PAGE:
№1. Family business
Robert’s ancestors come from Georgia where wine has always been a part of culture. Guliev’s great-grandfather worked as an accountant at one of the farms growing grapes. His son decided to engage in the wine production and lay out a vineyard near town Telavi. “Was it possible for my father Ruben Guliev to choose another path than winemaking?” – Says Robert.
Kutaisi Institute of Southern Cultures alumnus Ruben Guliev came to Ukraine in the early 1950s. Within only a few years, the agronomist of a state wine farm in Odessa region became the head of Odessa wine-making trust. By the way, Odessa region owes to Ruben Guliev its current powerful wine-making potential. During the struggle with alcoholism actively conducted by the Soviet government in the mid-1980s, the head of wine-making trust did not allow to cut down the vineyards in Odessa region. Unfortunately, a lot of vineyards were destroyed in Crimea and Moldova. “He was cheating and tricking, he got severe reprimand from the Communist party authorities, and they wanted to expel him from the party. Even a satirical article about him was published in “Pravda” newspaper, – tells Robert. Now, 70% of Ukrainian vineyards are located in Odessa region.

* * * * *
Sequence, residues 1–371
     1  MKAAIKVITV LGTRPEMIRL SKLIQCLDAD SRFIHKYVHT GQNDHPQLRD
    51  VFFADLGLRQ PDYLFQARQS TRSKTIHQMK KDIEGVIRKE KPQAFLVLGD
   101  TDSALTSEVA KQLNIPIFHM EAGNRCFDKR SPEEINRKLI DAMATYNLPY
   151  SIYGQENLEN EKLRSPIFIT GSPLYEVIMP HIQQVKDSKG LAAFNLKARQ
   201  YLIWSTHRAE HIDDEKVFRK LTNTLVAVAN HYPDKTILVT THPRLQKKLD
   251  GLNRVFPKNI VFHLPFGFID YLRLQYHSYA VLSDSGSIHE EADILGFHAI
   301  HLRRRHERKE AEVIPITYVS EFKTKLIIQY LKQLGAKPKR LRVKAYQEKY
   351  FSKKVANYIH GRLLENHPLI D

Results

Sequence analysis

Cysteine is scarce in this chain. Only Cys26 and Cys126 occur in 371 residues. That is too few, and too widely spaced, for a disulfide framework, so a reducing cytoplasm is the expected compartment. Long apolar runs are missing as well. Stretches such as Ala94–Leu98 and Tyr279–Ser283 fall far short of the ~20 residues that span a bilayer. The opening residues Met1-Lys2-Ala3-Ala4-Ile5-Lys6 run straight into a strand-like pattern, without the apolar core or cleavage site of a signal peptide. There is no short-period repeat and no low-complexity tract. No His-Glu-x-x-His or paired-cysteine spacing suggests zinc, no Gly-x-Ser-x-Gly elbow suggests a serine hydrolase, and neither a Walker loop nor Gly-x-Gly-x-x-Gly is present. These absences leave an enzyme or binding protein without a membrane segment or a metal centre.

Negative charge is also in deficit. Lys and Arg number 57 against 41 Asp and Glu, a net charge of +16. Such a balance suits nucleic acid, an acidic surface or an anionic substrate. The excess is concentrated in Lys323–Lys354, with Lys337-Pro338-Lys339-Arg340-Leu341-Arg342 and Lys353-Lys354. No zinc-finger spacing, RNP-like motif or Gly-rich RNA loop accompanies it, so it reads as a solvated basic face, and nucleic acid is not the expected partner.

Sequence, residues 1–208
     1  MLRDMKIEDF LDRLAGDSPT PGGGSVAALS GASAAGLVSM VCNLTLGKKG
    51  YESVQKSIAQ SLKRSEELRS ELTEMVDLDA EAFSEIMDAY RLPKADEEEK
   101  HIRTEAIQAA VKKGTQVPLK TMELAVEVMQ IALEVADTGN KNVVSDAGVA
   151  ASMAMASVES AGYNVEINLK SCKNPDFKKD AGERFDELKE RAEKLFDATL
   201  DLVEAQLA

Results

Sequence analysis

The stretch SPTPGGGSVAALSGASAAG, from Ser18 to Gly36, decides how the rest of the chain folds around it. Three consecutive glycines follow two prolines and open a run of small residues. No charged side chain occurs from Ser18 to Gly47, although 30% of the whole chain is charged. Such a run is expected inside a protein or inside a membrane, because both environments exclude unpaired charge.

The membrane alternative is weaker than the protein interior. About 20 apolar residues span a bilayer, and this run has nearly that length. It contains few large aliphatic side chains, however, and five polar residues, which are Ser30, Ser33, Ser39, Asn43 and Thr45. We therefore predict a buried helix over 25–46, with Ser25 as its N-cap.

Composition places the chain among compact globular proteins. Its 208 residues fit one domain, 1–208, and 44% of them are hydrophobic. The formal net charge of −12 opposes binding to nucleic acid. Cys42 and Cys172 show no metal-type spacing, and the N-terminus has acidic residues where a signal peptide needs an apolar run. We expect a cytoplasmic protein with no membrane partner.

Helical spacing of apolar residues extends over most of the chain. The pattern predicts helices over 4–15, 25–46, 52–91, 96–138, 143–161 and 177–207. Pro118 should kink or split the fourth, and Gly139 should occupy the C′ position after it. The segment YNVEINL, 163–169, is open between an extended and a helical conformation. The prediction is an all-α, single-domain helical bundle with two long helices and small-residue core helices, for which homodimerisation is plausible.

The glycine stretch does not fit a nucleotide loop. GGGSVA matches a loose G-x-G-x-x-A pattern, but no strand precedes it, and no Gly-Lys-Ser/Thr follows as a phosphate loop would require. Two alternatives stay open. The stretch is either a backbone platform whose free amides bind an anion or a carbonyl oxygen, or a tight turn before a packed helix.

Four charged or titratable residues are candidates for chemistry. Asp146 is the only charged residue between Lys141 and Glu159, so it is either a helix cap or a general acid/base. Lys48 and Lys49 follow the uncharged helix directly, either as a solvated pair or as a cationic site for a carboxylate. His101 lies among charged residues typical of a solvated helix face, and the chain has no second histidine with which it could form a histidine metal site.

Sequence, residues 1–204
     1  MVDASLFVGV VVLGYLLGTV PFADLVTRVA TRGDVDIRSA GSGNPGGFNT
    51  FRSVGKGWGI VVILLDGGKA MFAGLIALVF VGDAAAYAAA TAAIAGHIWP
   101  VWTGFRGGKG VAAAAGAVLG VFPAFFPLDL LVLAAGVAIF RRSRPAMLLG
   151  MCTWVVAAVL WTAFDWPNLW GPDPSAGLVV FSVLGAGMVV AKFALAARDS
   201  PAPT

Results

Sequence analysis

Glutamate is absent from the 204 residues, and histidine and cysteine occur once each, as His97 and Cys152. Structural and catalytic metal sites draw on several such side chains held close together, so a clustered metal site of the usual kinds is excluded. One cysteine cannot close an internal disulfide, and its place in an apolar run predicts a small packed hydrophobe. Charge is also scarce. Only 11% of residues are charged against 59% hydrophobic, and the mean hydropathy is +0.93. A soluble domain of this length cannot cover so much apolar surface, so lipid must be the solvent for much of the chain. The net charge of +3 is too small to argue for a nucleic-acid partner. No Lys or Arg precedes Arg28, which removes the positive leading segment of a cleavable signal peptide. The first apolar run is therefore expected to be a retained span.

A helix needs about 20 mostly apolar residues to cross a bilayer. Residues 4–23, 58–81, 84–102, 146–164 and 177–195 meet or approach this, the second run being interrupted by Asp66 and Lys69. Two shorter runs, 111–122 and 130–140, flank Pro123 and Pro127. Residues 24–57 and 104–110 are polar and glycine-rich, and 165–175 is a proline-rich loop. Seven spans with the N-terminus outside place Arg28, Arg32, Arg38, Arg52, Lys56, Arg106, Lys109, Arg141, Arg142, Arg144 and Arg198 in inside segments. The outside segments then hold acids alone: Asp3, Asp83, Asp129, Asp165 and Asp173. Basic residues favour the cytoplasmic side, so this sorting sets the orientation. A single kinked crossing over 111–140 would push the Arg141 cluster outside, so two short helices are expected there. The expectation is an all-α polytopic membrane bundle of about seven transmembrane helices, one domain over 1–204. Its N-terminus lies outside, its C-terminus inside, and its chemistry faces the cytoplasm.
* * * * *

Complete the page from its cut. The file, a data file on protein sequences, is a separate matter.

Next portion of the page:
However, Ruben Guliev wanted his sons, Shota and Robert to become military officers. After finishing school, Robert became a cadet of Odessa Artillery School. “At that time wine-making was considered to be quite difficult profession, – explains Robert. – And my father did not want me to go through all that”. However, the genes soon played their role. In three years, Guliev became a student of Odessa Institute of Technology. “I have grown up at the vineyards,”– explains Guliev.